Personal hygiene among military personnel: developing and testing a self-administered scale.

Journal Article (Journal Article)

OBJECTIVE: Good personal hygiene (PH) behavior is recommended to prevent contagious diseases, and members of military forces may be at high risk for contracting contagious diseases. The aim of this study was to develop and test a new questionnaire on PH for soldiers. METHODS: Participants were all male and from different military settings throughout Iran. Using a five-stage guideline, a panel of experts in the Persian language (Farsi) developed a 21-item self-administered questionnaire. Face and content validity of the first-draft items were assessed. The questionnaire was then translated and subsequently back-translated into English, and both the Farsi and English versions were tested in pilot studies. The consistency and stability of the questionnaire were tested using Cronbach's alpha and the test-retest strategy. The final scale was administered to a sample of 502 military personnel. Explanatory and confirmatory factor analyses evaluated the structure of the scale. Both the convergent and discriminative validity of the scale were also determined. RESULTS: Cronbach's alpha coefficients were >0.85. Principal component analysis demonstrated a uni-dimensional structure that explained 59 % of the variance in PH behaviors. Confirmatory factor analysis indicated a good fit (goodness-of-fit index = 0.902; comparative fitness index = 0.923; root mean square error of approximation = 0.0085). CONCLUSIONS: The results show that this new PH scale has solid psychometric properties for testing PH behaviors among an Iranian sample of military personnel. We conclude that this scale can be a useful tool for assessing PH behaviors in military personnel. Further research is needed to determine the scale's value in other countries and cultures.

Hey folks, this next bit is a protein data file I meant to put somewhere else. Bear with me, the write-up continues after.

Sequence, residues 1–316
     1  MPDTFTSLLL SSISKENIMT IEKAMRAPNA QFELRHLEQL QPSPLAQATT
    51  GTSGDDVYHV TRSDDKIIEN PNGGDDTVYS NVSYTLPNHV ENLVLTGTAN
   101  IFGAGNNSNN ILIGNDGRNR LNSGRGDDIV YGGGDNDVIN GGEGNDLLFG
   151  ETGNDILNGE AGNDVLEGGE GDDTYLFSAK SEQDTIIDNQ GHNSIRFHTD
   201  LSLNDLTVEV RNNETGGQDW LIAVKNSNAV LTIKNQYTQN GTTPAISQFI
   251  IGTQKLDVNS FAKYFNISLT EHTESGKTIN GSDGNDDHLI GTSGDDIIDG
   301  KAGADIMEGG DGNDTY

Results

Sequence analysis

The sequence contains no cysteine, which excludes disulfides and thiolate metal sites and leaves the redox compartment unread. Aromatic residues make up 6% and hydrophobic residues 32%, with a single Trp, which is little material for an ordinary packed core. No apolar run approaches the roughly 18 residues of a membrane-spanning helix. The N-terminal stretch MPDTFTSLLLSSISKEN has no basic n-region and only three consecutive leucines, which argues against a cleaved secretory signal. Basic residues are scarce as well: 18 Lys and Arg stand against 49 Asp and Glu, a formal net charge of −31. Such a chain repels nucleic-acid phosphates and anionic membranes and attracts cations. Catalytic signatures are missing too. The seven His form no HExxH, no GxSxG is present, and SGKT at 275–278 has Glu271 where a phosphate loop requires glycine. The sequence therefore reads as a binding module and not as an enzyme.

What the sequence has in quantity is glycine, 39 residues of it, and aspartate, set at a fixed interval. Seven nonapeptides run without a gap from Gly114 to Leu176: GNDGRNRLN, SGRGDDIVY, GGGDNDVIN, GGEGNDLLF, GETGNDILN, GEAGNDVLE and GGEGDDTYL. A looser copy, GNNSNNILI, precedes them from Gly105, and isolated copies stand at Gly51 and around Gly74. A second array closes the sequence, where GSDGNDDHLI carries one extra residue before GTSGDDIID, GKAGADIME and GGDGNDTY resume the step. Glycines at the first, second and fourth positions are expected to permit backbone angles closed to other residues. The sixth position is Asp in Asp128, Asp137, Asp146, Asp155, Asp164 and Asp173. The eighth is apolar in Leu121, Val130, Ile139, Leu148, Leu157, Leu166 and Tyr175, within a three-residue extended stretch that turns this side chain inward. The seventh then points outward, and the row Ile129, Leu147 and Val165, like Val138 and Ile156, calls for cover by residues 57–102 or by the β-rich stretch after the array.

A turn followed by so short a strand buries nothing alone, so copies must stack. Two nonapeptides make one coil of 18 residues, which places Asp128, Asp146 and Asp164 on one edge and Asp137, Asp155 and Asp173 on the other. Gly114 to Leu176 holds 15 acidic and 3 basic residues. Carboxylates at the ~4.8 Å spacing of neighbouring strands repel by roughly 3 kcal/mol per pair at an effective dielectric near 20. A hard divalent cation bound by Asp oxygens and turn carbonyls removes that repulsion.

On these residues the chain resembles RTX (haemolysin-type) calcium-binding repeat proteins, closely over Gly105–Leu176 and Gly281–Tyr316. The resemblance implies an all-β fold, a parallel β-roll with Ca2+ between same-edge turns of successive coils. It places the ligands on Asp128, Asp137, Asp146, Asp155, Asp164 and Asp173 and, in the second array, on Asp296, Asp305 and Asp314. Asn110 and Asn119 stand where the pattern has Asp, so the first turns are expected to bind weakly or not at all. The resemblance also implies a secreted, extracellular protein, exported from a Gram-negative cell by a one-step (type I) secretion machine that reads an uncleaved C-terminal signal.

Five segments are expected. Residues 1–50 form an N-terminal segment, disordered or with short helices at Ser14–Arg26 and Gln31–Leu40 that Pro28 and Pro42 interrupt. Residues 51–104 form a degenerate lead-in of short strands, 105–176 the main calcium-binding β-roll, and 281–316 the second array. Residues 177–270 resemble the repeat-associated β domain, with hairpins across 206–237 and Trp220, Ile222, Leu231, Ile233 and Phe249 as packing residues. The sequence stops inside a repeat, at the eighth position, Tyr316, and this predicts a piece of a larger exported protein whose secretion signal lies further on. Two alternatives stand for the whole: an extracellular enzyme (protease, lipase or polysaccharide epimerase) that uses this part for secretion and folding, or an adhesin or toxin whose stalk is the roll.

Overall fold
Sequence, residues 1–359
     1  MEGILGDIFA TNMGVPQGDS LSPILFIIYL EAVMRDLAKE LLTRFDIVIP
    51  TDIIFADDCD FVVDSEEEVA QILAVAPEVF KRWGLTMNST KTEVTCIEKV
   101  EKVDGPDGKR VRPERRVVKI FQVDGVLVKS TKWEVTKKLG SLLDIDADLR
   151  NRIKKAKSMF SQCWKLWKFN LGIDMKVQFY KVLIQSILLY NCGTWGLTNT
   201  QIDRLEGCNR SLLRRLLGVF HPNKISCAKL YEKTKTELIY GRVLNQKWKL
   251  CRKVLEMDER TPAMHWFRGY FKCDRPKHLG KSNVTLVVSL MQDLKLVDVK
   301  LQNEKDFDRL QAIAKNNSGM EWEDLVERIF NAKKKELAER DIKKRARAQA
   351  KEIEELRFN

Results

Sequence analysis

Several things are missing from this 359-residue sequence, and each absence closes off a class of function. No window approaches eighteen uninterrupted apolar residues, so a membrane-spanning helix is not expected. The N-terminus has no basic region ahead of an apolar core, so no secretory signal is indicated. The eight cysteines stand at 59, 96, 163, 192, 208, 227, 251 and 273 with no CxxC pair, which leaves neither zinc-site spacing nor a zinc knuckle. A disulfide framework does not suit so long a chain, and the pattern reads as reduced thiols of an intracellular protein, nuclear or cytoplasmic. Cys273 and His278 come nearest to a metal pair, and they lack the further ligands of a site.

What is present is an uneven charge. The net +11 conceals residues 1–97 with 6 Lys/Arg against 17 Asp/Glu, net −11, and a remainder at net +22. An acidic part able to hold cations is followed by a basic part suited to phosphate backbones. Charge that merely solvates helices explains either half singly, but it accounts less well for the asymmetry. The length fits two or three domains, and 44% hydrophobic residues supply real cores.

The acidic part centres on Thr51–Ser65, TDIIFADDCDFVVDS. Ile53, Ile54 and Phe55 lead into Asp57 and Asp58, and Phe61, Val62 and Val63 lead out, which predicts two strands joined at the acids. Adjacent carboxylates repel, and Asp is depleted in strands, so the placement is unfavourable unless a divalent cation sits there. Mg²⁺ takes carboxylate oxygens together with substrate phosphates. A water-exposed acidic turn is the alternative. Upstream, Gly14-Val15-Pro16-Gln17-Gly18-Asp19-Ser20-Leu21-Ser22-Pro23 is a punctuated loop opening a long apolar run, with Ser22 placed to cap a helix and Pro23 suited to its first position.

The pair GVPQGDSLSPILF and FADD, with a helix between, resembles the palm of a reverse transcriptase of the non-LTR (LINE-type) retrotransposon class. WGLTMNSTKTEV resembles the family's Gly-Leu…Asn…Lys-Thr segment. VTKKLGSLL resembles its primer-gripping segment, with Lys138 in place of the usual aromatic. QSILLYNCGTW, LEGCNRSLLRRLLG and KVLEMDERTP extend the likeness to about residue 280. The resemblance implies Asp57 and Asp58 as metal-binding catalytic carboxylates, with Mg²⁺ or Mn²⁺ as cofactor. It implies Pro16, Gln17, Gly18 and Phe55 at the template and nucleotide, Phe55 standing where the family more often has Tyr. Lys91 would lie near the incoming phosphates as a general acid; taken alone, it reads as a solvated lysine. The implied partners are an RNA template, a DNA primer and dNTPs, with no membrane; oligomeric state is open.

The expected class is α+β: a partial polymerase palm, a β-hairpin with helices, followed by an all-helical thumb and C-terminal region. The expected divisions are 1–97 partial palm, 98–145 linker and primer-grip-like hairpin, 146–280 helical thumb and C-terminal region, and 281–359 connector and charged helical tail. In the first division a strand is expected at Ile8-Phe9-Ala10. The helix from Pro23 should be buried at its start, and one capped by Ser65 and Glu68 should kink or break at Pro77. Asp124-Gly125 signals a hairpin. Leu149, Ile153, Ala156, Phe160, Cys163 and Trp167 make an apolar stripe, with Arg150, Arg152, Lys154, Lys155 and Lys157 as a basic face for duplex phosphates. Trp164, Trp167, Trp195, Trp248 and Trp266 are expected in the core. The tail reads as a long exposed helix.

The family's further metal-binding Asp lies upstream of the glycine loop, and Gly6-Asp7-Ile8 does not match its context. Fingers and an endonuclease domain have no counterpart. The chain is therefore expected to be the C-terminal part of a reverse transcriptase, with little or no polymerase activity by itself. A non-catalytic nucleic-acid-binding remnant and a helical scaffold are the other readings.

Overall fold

Full Text

Duke Authors

Cited Authors

  • Saffari, M; Koenig, HG; Pakpour, AH; Sanaeinasab, H; Jahan, HR; Sehlo, MG

Published Date

  • March 2014

Published In

Volume / Issue

  • 19 / 2

Start / End Page

  • 135 - 142

PubMed ID

  • 24194117

Pubmed Central ID

  • PMC3944032

Electronic International Standard Serial Number (EISSN)

  • 1347-4715

Digital Object Identifier (DOI)

  • 10.1007/s12199-013-0366-2


  • eng

Conference Location

  • Japan